For one, Canada’s government should implement recommendations by UNDRIP, the National Inquiry into Missing and Murdered Indigenous Women and Girls (MMIWG), and the TRC. This is especially true as the Liberal Party, New Democratic Party, and Greens have made commitments on their platforms to implement their calls to justice.

While the publication of the MMIWG report is a big step in the right direction, it’s up to this government to make the structural changes needed for reconciliation. 

U of T 

In a direct response to the 2015 TRC report, U of T struck a steering committee to realize the report’s recommendations.

The committee has advised U of T to create dedicated Indigenous spaces at all three campuses, increase hiring of Indigenous faculty and staff, and integrate Indigenous curriculum content in its programs.

Following the committee’s report, a Faculty of Arts & Science commission recommended the construction of a new Indigenous college at UTSG.

U of T has also hired two Indigenous academic advisors, professors Suzanne Stewart and Susan Hill, in response to the TRC’s report. Their work will include investigating ways for researchers to work with Indigenous communities, as well as designing and redesigning curricula to improve education on Indigenous issues.

The Varsity calls on U of T to take a stronger stance on Indigenous issues, especially on the university’s involvement in the Thirty Meter Telescope project, which threatens the land of Indigenous peoples in Hawaii.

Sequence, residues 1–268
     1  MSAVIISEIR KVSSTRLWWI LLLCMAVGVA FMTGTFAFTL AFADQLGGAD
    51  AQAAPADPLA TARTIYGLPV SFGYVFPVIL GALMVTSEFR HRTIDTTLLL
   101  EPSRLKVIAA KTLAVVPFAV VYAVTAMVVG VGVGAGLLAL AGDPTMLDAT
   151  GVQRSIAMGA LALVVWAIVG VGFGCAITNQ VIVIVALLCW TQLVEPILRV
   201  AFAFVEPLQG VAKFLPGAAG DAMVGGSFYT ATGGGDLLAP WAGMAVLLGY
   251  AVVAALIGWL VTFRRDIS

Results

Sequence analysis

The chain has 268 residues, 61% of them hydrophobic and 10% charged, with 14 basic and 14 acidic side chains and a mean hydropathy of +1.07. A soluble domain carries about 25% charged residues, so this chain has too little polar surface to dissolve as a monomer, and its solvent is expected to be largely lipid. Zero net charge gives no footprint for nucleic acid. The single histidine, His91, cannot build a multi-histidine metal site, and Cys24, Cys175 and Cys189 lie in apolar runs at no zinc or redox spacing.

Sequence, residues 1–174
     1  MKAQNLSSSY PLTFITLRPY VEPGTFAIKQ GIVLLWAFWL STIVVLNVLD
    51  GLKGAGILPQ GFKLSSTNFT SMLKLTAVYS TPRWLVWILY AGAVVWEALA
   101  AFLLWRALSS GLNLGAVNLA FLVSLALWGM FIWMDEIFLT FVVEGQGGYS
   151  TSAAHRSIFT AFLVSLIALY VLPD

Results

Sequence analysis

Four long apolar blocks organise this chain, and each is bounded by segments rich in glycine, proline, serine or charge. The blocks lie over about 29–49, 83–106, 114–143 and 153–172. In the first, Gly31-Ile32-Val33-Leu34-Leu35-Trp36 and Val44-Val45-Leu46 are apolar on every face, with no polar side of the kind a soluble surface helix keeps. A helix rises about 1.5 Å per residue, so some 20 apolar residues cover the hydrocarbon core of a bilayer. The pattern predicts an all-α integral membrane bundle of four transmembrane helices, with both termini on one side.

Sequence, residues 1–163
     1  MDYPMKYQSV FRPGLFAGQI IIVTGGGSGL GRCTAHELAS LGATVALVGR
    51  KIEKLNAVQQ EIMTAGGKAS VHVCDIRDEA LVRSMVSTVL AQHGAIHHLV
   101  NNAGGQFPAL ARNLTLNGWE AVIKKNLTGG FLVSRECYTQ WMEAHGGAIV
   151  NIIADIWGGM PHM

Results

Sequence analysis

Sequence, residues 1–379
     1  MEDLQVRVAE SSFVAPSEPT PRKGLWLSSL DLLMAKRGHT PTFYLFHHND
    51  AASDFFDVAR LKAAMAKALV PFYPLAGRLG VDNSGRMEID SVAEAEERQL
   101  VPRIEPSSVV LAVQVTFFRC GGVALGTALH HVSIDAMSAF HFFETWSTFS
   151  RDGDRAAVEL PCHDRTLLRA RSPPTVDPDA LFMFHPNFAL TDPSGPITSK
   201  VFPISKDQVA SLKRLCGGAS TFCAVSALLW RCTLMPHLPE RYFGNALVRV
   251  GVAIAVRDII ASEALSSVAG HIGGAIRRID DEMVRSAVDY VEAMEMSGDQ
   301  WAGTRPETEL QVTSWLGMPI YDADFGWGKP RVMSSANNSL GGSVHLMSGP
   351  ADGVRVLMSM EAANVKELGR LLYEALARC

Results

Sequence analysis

The university has made further steps to launch Indigenous-focused initiatives, including the Deepening Knowledge Project, the Indigenous Education Network, and the TRC Implementation Committee. 

Overall, U of T has taken some meaningful steps to implement the recommendations of the TRC report. Further progress is, however, needed to ensure U of T’s contribution to Indigenous reconciliation.

The Varsity calls on U of T to take a stronger stance on Indigenous issues, especially on the university’s involvement in the Thirty Meter Telescope project, which threatens the land of Indigenous peoples in Hawaii.

We further call on U of T to make a larger impact to preserve Indigenous languages and through course offerings and partnerships with Indigenous communities. 

Intercultural initiatives like the Waakebiness-Bryce Institute for Indigenous Health — which takes a specific community and socioeconomic approach to learning that strives to address all aspects affect the health outcomes of Indigenous communities — must be further developed and supported across all fields of study.

Universities are historic centres of progress and we must lead by example by integrating reconciliatory efforts into our curriculum, structures, and operational policies.

The media